As a service officer, I was happy to read defence personnel ranked third out of a list of 16 categories whom people thought useful to society. But I find a contradiction here. If defence forces are so high in people’s esteem, why are they so low in their career choice? I wish the cream of India joins this noble line. It provides quality life and a chance to serve the motherland.
Col R.D. Singh, Ambala Cantt
Your poll rates politicians over 7 and black marketeers around 3.I think it’s unfair to compare both. Some other category of people could have been added instead. And didn’t A.C. Nielsen merge with org-marg in India?
Mike Rutlidge, on e-mail
We hate not just our politicians but also our police (themselves responsible for many crimes), our judiciary (for giving judgements, not justice), our auditors (main cause for black money) and our doctors (for their greed).
N. Kailasam, Chennai
Each of us has our own tale to tell about the disintegration of our political system. But rarely do we participate in trying to change what we detest in it. Corruption, like anything else, is not unique to India. It’s only more widespread here. It’s not because we have more dishonesty but because we have a political system that creates negative incentives. So much so that in some cases you can’t be a politician without being corrupt. What we’ve to remedy is our system but democratically, or else we’ll have the likes of Musharraf telling us what’s best for us.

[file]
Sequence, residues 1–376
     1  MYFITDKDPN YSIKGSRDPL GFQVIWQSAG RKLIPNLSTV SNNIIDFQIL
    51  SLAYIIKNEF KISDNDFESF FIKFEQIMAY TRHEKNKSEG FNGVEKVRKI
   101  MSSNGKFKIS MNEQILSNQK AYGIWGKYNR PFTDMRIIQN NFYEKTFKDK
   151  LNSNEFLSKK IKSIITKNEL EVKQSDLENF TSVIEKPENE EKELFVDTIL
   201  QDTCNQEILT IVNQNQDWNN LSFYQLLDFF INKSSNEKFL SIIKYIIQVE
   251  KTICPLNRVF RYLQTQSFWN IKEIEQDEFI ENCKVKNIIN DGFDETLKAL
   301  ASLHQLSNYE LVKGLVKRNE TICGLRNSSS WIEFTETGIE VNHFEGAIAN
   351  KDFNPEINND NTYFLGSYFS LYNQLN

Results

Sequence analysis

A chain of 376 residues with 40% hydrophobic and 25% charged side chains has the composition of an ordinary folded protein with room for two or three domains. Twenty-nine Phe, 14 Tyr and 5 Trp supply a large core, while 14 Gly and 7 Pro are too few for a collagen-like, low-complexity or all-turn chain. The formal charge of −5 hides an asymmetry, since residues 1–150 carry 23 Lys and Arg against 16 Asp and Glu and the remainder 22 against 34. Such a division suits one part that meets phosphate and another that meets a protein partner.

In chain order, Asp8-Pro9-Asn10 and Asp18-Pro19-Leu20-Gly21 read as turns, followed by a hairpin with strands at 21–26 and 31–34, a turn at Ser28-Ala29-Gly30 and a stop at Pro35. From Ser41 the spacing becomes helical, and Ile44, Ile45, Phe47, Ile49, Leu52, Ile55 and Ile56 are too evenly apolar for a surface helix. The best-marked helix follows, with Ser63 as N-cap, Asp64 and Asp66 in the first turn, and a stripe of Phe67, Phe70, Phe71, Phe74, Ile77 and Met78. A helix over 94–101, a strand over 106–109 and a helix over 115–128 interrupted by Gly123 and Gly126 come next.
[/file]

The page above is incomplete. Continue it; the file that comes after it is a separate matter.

Nikhiel Silva, Providence, US
I wonder why politicians got precedence over pimps and black marketeers when they’re the least useful to society. In the first place, the last two ought not to have figured at all in terms of their ‘usefulness’ to society! As for the ranking from 1 to 4, I’d have preferred it to be in the descending order starting from farmers. After all, they’re the backbone—none of the other professions can even exist without them.
R.M.V.N. Ramakantha Rao, Visakhapatnam
Your brilliant cover story notwithstanding, it reaffirms the old adage, "We have the politicians we deserve". Rather than just crib over the state of our politics, we should try doing something to change it.
Vijayender Chaudhuri, on e-mail
You’re right when you say that the middle class has failed to come to terms with the necessary evils of democracy. But as Yogendra Singh says, a gradual convergence of interests between the middle class and the poor, as the latter begin to demand performance more than populism, will pressure politicians. This convergence can be hastened by generating employment for the poor. The hard-working, creative middle class must participate actively by demanding action from politicians.